Several papers in this year's BASK (British Association for Surgery of the Knee) meeting (2012) reflect a real shift to the involvement of the informed patient in improving the outcome of knee surgery.

Patients have embraced the online medium with enthusiasm and are hungry to inform themselves about their knee problems and management options. Surgeons are striving hard to catch up with them. An informed patient can only be an asset to the surgeon but it is difficult to know how much information to include in the formal documentation that the patient is given prior to surgery.

What amount of information, these days, is relevant to the informed patient?


If I was having an ACL reconstruction I would want to know -

  • Does my surgeon do a more anatomic ACL reconstruction? (see my other recent paper)
  • More importantly – Is my surgeon capable of repairing (the often present) meniscal tears?

This second point is a real deal-breaker. It is my experience that many orthopaedic surgeons don’t know how to do a meniscal repair. I think that these questions are linked.


Patients should appreciate and therefore be informed that long term ACL deficiency increases the risk of meniscal tears and makes them less amenable to repair. This along with increased risk of chondral surface damage due to ingoing instability indirectly links ACL deficiency to premature knee arthritis. A recent paper (ref 1) (traditional non-anatomic technique) has attempted to quantify this risk:

  • If one has a normal medial meniscus and has ACL reconstruction with old traditional (non-anatomic) techniques, at 25 years after the surgery, there is a 36% incidence of arthritis
  • If the medial meniscus is torn and is removed at the time of the ACL reconstruction, at 25 years, there is a 70% incidence of arthritis
  • If the meniscus is removed and the torn ACL is not reconstructed, at 25 years, there is a 100% incidence of arthritis!

The papers highlight two key areas:

  1. Traditional non-anatomic ACL reconstruction does not prevent osteoarthritis. (hence the trend to more anatomic reconstructions).
  2. We should repair the meniscus wherever possible. ‘Save the Meniscus’ should be the gold standard.

When considering anatomic (or should I say 'more anatomic') ACL reconstruction, and traditional non-anatomic 'trans-tibial' ACL reconstruction, we must acknowledge Dr Freddie Fu and his pioneering work on anatomic ACL reconstruction. His work on 'double bundle' ACL anatomy and reconstruction has certainly made knee surgeons think more about tunnel placement and positioning of the graft. In the UK both lack of clinical results and the technical considerations of anatomic double- bundle reconstruction (tensioning issues, tunnel management, bone stock for revisions) means this is not a procedure for every patient or every surgeon. Dr Fu routinely performs single bundle reconstruction when the anatomy of the native knee does not accommodate double bundle reconstruction. For consent and patient information, when the patient is presented with the technique ‘anatomic’ ACL single or ‘anatomic’ double bundle, the key word is anatomic not the number of bundles.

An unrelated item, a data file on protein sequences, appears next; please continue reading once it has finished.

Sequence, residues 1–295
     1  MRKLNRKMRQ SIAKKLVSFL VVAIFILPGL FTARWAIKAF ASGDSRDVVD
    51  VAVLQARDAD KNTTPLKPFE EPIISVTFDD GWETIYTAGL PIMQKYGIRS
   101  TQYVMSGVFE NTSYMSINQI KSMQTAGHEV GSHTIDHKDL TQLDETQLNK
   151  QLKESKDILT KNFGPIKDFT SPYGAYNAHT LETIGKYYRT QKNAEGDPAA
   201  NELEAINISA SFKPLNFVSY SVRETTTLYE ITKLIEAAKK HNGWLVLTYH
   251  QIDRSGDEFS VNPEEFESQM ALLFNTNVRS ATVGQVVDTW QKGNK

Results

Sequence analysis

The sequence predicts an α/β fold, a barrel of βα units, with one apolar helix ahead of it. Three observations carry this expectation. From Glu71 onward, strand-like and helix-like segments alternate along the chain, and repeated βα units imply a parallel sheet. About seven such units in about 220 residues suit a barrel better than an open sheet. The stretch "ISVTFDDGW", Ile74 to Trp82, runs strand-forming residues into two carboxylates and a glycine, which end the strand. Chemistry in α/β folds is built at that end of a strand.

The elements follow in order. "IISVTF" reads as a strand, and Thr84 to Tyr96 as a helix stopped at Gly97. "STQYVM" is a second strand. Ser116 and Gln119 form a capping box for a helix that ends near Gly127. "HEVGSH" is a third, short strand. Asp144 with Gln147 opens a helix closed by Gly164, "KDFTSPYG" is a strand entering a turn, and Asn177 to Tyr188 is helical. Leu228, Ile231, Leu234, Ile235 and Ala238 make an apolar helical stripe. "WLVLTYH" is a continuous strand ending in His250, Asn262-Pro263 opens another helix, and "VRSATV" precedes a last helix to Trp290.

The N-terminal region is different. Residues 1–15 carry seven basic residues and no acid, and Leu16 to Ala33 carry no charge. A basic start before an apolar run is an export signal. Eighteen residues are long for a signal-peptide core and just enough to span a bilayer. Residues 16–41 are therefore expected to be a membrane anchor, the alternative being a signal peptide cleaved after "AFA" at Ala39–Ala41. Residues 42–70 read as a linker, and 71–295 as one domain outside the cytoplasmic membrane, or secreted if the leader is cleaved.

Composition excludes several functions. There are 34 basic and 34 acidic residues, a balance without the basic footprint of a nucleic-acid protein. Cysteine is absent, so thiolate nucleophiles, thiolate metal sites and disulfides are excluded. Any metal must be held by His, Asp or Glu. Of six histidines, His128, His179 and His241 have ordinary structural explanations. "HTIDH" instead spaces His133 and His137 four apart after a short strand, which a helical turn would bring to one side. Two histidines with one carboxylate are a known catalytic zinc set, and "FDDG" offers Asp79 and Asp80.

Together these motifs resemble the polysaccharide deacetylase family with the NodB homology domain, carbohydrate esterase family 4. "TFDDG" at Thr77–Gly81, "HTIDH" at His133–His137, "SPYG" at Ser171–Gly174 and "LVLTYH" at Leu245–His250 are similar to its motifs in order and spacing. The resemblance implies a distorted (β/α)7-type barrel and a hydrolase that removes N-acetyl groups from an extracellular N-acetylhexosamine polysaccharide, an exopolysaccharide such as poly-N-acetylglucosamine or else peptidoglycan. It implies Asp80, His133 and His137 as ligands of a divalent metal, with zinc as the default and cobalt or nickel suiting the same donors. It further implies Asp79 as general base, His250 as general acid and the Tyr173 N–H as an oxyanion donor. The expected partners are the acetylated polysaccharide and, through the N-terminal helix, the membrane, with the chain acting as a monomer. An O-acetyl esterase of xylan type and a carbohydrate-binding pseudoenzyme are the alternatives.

At a recent meeting I attended in Munich (March 2012), a head-count suggested that there are a finite number of people who do anatomic ACL reconstruction. The vast majority of general orthopaedic surgeons still do the traditional trans-tibial technique. Many surgeons insist that their ACL patients are doing well using this technique. I agree their patients may feel stable and they might get back to sport but the procedure isn't restoring normality for them. Recent literature supports this. Some of the trans-tibial surgeons genuinely believe by adjusting the tibial tunnel they can reach the femoral ACL footprint. This has been shown to be difficult and even impossible with the risk of compromising the proximal medial tibia and plateau, as the tibial tunnel becomes more horizontal.

I don't think that patients are ready to decide on the choice between 'double bundle' or 'single bundle' ACL reconstruction - we surgeons do not yet know which will give the better outcome. But I do think the informed patient should be ready to make a selection of his surgeon based on whether the surgeon is an anatomic reconstructor (with independent femoral tunnel positioning) or a traditional trans-tibial reconstructor. So, the informed patient (and the informed surgeon) might rather want to know if their reconstruction is more anatomically correct and hopefully provide a more rotationally stable reconstruction.


1. Louboutin H, Debarge R, Richou J, Ait Si Selmi T, Donnell AT, Neyret P and Dubrana F. 2009. The Knee. 16:239-244. Osteoarthritis in patients with anterior cruciate ligament rupture: A review of risk factors.

Further reading:

1. Lohmander LS, Englund PM, Dahl LL, Roos EM. Am J Sports Med. 2007 Oct;35(10):1756-69. The long-term consequence of anterior cruciate ligament and meniscus injuries: osteoarthritis.

2. Øiestad BE, Engebretsen L, Storheim K, Risberg MA. Am J Sports Med. 2009 Jul;37(7):1434-43. Knee osteoarthritis after anterior cruciate ligament injury: a systematic review.

3. Oiestad BE, Holm I, Aune AK, Gunderson R, Myklebust G, Engebretsen L, Fosdahl MA, Risberg MA. Knee function and prevalence of knee osteoarthritis after anterior cruciate ligament reconstruction: a prospective study with 10 to 15 years of follow-up. Am J Sports Med. 2010 Nov;38(11):2201-10